We often say no product or solution is a “silver bullet” for fraud. In order to fend against the rich mosaic of cyberattacks threatening organizations, multi-factorauthentication is the bare-minimum for secure online banking.
For financial institutions seeking to provide safe online banking, while biometric authentication technology strikes the perfect balance between a convenient user experience and security, relying on a single type of end-user authentication has proven to be highly ineffective.
Secure, But Developing Technology
Biometrics has been dubbed as the latest and greatest cutting-edge framework for protecting online transactions and strengthening end-user authentication. But their use in securing banking is relatively new, and there are weaknesses to using this method as a single-factor authentication system.
For example, although biometric security is beneficial because it can be hard to duplicate and is generally held in high regard by consumers as a strong security form factor, it can be relatively easy to steal or circumvent. Every day, we touch objects, speak in public and post our pictures on social media, effectively giving away our “biometric secrets.” Once biometric data is compromised, it is impossible to replace.
Weapon for Winning Customers
Companies should not forego the benefits of biometric security. On the contrary, those who do not look to make use of these new factors will lose a competitive edge. Perhaps one of the strongest features of biometric security is how easy and ‘friction-free’ it is for customers to use – much more so than other authentication methods. This is especially crucial for the most important emerging consumer demographic – the millennials – who have come to expect the convenience and instant gratification that comes from shopping and banking through their smartphones.
Institutions capable of balancing security while also providing simple, convenient authentication strategies, will succeed at attracting and retaining customers. Imagine having to tap in a random number (one-time passcode) and then take a selfie photo (facial recognition) to make an online payment. Who wouldn’t crack a smile? The user experience is as valuable to your customers as security is.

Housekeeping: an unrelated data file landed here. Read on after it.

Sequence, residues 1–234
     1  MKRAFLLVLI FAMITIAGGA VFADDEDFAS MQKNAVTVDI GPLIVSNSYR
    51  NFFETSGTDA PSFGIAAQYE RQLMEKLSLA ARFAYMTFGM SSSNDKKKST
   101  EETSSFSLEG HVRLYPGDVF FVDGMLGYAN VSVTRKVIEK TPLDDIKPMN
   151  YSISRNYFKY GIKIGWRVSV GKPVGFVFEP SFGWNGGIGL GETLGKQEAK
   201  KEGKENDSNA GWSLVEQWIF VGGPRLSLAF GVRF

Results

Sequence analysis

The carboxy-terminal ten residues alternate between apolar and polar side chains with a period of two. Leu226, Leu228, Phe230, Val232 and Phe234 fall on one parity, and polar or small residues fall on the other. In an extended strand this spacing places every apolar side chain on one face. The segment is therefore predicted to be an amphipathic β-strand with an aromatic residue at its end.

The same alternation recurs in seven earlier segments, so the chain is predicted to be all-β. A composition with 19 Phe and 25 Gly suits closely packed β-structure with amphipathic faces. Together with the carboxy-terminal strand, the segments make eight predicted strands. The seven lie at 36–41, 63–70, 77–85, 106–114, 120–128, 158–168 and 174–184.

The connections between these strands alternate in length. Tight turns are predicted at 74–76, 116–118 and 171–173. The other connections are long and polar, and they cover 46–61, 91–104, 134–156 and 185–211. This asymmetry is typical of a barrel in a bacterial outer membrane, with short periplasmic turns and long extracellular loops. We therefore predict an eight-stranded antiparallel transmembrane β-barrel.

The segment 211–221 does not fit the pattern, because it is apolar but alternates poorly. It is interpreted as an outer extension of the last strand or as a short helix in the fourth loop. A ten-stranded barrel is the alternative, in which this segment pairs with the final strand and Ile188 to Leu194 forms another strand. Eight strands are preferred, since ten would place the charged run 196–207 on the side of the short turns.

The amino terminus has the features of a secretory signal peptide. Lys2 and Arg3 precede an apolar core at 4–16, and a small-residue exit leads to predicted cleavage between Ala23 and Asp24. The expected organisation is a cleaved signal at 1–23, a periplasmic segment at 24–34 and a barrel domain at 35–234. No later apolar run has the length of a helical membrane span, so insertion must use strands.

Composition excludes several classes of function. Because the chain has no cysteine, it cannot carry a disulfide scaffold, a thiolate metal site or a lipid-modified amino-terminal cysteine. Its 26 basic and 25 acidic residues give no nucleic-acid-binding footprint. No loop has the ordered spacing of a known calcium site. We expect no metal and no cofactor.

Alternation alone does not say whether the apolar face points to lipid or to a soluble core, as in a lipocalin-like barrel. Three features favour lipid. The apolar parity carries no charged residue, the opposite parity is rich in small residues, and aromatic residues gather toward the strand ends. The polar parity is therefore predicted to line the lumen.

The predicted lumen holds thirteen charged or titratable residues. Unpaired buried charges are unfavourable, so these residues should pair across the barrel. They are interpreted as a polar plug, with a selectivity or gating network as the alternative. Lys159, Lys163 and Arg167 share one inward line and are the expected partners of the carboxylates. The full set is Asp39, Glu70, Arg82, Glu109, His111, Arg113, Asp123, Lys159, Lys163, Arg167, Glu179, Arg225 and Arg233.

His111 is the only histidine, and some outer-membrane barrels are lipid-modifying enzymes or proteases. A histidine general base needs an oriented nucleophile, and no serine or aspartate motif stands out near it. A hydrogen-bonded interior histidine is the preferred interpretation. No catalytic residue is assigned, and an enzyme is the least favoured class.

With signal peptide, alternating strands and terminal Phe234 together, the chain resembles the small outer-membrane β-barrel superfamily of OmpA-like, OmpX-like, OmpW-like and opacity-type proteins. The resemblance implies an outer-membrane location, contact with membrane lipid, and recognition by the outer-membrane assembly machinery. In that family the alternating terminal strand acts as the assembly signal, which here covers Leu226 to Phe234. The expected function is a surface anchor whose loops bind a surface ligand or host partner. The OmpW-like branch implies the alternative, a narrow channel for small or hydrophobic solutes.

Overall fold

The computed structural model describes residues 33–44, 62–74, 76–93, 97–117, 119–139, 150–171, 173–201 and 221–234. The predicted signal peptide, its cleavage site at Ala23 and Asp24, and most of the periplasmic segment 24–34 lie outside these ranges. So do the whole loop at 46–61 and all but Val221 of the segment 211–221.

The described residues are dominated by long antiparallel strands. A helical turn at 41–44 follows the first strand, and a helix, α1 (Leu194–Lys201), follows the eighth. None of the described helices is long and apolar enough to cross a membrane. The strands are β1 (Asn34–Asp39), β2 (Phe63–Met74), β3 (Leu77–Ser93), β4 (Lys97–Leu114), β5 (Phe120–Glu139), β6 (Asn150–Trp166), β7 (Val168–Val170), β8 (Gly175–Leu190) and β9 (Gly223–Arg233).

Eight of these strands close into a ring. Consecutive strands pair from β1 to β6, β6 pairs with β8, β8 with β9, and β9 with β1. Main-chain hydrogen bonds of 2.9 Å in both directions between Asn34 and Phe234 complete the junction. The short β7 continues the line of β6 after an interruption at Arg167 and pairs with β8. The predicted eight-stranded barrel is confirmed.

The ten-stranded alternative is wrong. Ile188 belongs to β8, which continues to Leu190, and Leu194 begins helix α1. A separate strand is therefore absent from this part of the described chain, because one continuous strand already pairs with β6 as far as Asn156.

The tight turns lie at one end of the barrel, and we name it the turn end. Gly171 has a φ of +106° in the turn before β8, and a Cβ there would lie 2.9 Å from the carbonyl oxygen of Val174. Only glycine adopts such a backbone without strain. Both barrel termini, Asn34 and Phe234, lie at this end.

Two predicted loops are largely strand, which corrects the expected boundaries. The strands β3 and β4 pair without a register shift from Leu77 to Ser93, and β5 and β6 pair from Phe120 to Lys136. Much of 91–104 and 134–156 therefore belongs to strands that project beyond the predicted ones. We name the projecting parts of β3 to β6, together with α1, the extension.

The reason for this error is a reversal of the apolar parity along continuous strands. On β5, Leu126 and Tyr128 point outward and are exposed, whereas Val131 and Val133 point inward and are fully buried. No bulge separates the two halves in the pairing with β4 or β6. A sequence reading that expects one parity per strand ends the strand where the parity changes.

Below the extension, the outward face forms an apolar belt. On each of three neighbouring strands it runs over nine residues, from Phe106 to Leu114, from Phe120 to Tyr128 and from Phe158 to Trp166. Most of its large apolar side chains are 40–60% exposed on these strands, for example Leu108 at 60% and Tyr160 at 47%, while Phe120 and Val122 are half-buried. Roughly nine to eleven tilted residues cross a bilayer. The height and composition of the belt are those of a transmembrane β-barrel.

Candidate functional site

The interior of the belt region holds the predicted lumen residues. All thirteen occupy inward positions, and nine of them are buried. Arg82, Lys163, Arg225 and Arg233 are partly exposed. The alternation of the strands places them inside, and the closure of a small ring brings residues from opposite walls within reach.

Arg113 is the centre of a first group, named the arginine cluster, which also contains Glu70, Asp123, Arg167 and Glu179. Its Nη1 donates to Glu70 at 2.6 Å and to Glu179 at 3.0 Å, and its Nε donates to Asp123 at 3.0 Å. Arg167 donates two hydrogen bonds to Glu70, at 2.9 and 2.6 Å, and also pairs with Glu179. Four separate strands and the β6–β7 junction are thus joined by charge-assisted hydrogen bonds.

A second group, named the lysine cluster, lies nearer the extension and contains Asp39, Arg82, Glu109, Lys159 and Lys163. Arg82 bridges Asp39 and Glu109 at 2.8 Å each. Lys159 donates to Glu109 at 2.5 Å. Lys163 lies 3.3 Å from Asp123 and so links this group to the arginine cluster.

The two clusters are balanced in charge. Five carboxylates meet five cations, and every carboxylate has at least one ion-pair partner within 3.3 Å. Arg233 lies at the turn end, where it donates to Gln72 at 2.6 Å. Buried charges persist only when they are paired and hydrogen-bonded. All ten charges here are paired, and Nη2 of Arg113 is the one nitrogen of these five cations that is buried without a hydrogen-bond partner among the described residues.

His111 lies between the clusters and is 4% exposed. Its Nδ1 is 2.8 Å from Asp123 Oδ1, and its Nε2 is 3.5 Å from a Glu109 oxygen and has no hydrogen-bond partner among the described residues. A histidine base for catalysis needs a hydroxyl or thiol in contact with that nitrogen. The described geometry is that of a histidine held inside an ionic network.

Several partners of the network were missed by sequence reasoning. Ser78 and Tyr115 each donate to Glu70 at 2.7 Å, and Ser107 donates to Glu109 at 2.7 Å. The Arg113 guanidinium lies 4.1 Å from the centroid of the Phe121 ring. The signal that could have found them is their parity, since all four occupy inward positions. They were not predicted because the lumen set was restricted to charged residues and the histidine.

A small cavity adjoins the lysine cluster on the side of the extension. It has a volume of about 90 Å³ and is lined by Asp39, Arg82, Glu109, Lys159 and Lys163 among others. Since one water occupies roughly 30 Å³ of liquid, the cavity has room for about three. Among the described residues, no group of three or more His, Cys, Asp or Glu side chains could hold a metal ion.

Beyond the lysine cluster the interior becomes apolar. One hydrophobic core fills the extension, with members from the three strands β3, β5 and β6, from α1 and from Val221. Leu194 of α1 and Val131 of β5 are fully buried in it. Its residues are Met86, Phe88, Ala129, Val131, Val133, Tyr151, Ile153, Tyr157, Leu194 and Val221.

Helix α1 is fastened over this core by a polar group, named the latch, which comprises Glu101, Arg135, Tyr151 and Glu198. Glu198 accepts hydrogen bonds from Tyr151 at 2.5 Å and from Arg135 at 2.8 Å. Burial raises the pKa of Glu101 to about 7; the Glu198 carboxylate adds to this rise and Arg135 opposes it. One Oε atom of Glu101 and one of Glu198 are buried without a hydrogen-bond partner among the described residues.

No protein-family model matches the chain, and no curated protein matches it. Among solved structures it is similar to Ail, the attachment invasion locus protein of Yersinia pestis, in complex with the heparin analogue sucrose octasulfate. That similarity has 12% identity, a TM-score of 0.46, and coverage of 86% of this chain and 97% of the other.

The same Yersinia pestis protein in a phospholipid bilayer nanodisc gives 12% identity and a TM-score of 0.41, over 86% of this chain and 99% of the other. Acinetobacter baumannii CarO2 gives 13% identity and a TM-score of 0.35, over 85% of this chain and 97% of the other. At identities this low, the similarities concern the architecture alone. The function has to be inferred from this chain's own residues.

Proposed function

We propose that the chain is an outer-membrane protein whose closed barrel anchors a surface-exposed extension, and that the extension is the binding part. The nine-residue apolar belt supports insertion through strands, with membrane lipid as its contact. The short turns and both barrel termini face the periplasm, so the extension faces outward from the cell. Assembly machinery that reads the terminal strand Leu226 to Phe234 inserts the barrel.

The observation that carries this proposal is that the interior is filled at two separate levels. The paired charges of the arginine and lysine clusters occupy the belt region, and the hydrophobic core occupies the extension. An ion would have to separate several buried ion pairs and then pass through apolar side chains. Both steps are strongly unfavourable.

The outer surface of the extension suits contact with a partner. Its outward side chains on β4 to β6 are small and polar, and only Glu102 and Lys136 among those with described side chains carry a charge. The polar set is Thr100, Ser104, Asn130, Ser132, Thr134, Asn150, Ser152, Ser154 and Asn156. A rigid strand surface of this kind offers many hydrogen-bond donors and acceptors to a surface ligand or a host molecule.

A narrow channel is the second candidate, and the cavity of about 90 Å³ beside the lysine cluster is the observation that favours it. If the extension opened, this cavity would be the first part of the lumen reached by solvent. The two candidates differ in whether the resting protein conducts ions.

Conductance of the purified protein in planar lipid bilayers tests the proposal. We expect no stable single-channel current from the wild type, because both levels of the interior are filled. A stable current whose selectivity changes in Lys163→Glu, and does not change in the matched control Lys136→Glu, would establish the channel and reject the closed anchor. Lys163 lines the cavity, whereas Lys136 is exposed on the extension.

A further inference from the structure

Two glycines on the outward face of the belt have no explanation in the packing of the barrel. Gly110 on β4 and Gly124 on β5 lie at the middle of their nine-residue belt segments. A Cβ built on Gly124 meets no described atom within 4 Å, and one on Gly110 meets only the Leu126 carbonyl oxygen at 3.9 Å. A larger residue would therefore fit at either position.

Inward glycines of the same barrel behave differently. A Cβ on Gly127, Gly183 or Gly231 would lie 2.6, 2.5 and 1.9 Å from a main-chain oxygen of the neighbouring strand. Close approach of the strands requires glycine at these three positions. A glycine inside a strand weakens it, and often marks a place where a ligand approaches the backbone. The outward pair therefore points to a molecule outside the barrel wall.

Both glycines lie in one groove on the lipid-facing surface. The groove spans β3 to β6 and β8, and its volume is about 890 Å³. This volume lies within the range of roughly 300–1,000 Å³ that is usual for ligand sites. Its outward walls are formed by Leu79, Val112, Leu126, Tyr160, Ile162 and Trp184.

How Can Biometric Features Be Leveraged Without Providing Opportunities for Fraudsters?
First off, they should be augmented by an additional layer of security. The additional methods, such as behavioral analysis, can also be used to provide an environment in which biometrics can perform well. By making note of how and where a user is making a transaction, a risk-measurement approach can be taken – if the transaction is risky, then biometric security could be triggered to verify it. The same approach could also be employed via device analytics.
For example, a user making a transaction from a known, clean, registered device at home would be a prime candidate for authenticating themselves by face or voice. But a user logging in from an unknown device that is infected by malware and in a different country, will need to be authenticated differently.
While biometrics, coupled with other forms of anti-fraud security, are much more secure than passwords, they also need to be integrated as a suite of solutions that effectively communicate with one another. There may be a temptation for some organizations to approach a stand-alone biometric vendor to integrate the technology into their native mobile apps quickly and then promote themselves as cutting-edge. But doing so runs the risk of overlooking additional form factors that need to run alongside biometrics, because any additional third-part security measures may take too long to get out the door.
At face value, this logic might make sense, as consumers will only see the biometric part of the security, and not necessarily all the underlining security in the background. But as mentioned above, a hacker who got wind of this might see it as an opening to exploit the inherent vulnerabilities of a stand-alone biometric security strategy.
Biometric authentication should be thought of as a strengthening pillar of anti-fraud protection, but not a central security component.
The technology is not meant to replace existing user authentication systems. Biometrics used in tandem with other kinds of protection, result in a solid, multi-layered protection strategy that is difficult to crack, even for the most elite cybercriminal.
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